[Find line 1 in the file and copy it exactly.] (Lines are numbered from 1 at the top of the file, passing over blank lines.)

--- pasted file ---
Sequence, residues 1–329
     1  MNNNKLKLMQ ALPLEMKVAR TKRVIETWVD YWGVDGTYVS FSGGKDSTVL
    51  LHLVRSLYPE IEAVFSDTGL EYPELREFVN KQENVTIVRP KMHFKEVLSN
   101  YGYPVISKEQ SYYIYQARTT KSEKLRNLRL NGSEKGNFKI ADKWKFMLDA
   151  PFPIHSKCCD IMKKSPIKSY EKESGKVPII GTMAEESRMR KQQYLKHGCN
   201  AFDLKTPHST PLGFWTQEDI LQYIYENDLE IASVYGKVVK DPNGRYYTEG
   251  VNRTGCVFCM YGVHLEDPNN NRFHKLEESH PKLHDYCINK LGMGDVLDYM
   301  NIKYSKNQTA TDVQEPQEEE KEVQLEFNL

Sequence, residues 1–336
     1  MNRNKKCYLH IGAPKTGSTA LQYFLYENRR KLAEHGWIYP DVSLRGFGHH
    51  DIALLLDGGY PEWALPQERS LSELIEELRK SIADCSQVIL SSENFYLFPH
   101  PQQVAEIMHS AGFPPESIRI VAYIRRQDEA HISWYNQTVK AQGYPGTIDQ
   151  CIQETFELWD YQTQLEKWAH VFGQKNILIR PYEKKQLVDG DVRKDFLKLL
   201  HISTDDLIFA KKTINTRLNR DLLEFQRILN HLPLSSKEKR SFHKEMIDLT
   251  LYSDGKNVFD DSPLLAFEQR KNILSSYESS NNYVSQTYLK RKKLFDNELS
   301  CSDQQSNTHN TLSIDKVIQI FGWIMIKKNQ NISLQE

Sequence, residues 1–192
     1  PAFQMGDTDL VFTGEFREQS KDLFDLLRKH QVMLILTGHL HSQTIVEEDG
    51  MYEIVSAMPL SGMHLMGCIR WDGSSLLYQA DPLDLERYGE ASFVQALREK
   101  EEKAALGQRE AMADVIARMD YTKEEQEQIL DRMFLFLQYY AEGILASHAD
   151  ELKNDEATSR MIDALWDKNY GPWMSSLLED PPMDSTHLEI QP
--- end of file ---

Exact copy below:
Sequence, residues 1–329